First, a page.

Gore Could Give Dems a Run for Their Money

The ex-VP, with ties to Google and Apple, could easily raise money for a presidential bid.
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While senators Hillary Clinton and Barack Obama will be busy spinning their second-quarter fund-raising results next week as they vie for the Democratic Party's presidential nomination for 2008, former Vice President Al Gore will be rocking out at the Live Earth concert at Giants Stadium in New Jersey.

The difference highlights Gore's focus not on the presidency, but instead on his campaign to promote awareness of the threats posed by global warming.

Yet somehow he has a lead in the polls in an early primary state where U.S. presidential aspirations live free or die: New Hampshire.

The latest New Hampshire presidential poll conducted by WHDH-TV and Suffolk University shows that local Democrats in the Granite State prefer Gore to any of the candidates who are actually running.

When Gore is excluded from the poll, Clinton has a solid lead over her rivals, with support from 37% of respondents, but when he is added to the mix, she loses a quarter of her support and the Oscar-winning environmental crusader wins a majority, with 32% support.

Gore is no stranger to winning majorities. Back in 2000, he won the popular vote in the national presidential election, but President Bush laid claim to the White House thanks to the electoral college tally after controversial vote recount in Florida ended with a 5-4 Supreme Court decision in his favor.

Now, as the country heads toward a crucial election, Gore is back on the national stage. As a candidate, he could match Clinton's claim to experience given his military service in Vietnam, his time in Congress and his eight years in the executive branch as vice president. He could also rival Obama's claim to sound judgment, given his own outspoken opposition to the ill-fated invasion of Iraq.

But as a latecomer to the fund-raising game, could he keep pace with the massive war chests being amassed by the current Democratic front-runners?

"Mr. Gore is not a candidate or potential candidate, therefore he has no fund-raising activities," says Gore's spokeswoman, Kalee Kreider.

Clinton's campaign said Thursday it expects to have raised $27 million in the second quarter of 2007, which ends on Saturday. That tops her record-setting haul of $26 million in the first quarter, and her campaign said it expects Obama's results for the recent period to be even higher.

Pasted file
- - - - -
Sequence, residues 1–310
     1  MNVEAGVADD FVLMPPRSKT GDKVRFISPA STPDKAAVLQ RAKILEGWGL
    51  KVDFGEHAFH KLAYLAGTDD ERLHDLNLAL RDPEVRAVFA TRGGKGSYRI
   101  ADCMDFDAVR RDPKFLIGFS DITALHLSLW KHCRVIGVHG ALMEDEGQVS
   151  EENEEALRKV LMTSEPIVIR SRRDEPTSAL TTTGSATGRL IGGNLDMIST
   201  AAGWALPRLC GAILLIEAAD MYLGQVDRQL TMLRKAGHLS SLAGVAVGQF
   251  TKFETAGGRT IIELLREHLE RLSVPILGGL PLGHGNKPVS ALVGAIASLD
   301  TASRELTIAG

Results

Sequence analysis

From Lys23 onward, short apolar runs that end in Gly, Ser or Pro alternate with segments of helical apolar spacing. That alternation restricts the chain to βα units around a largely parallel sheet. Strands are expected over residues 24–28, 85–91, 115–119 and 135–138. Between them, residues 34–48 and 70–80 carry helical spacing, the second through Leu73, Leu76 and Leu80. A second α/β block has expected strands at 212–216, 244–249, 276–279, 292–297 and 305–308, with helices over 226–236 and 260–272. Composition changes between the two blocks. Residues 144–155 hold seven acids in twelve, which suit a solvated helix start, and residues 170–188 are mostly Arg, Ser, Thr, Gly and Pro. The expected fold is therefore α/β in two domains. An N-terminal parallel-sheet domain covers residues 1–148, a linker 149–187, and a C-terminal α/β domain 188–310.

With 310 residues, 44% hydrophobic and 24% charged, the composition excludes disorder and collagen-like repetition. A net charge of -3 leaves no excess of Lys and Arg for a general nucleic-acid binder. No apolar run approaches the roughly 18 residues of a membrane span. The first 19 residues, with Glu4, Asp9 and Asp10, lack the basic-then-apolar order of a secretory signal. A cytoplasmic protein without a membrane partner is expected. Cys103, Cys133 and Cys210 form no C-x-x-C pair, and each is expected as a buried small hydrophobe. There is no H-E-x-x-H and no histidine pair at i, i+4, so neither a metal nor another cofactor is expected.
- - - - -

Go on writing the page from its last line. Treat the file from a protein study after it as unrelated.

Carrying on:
"The amounts that are currently being raised by candidates at this point in the season are unprecedented in history, so it's hard to say whether Gore could be competitive now if he started from scratch," says Douglas Weber, a researcher with the

Center For Responsive Politics, a nonpartisan organization that tracks money and influence in U.S. politics.

"That said, it's still early," he adds. "We have more than six months to go before the primaries start, and the candidates are showing that they can raise large amounts of money very fast. Gore has obvious connections in the Democratic Party, he's a recognizable figure to the public and he has been very successful personally, so he might be able to finance his own campaign."

While Gore has not been raising funds for a presidential bid, others have been raising money for him. An all-volunteer group boasting tens of thousands of activists is waging a grass-roots campaign to raise money online for him at sites like AlGore.org. There, the senior counselor for Gore's 2000 campaign, David Moorehouse, is quoted saying, "Gore can wait longer than other candidates, because he can raise money on the Internet. ... Should he decide to run, he can raise $15 million in two days."

Personal Financial Ties

While he's not a candidate, Gore has been raising money for the Alliance for Climate Protection, a charitable organization based in that Silicon Valley that he chairs.

The group promotes civic action on global warming, an issue that Gore forced into the national discourse with his Academy Award-winning documentary

An Inconvenient Truth

. He also wrote a book by that title, and more recently, he published a book called

The Assault on Reason

, an indictment of the Bush administration's alleged rejection of reason in favor of "the politics of fear, secrecy, cronyism and blind faith." He also founded an independent media start-up called Current TV.

The current details of his personal finances are not available to the public, but Gore has presumably raised a fortune for himself through these efforts as well as his various causes. He's also chairman of Generation Investment Management LLP, a London-based asset management firm that makes investments focusing on "sustainability factors, including social and environmental responsibility and corporate governance."

As of March 31, that firm had holdings in stocks including

General Electric

(GE) - Get Report


Whole Foods




(AFL) - Get Report






(ADSK) - Get Report


Meanwhile, Gore has ties to some heavy hitters in Silicon Valley who could come to his aid if he jumps into the race. He sits on the board of


(AAPL) - Get Report

and is friends with its CEO, Steve Jobs. He also has been an adviser to


(GOOG) - Get Report

and its CEO, Eric Schmidt.

Back east, the billionaire mayor of New York City, Mike Bloomberg, has publicly encouraged Gore to enter the race, saying it would be "good for the country."

Even with all these factors in his favor, Gore has consistently said it's highly unlikely he will enter the race, but he also has left the door ajar.

"I want him to run, but he's not running," says Donna Brazile, Gore's former campaign manager. "Maybe if we all stop talking about it, he'll decide to run then."

For more on the 2008 campaign, check out John Fout's politics blog and TheStreet.com's series examining the investment ties of the 2008 presidential candidates.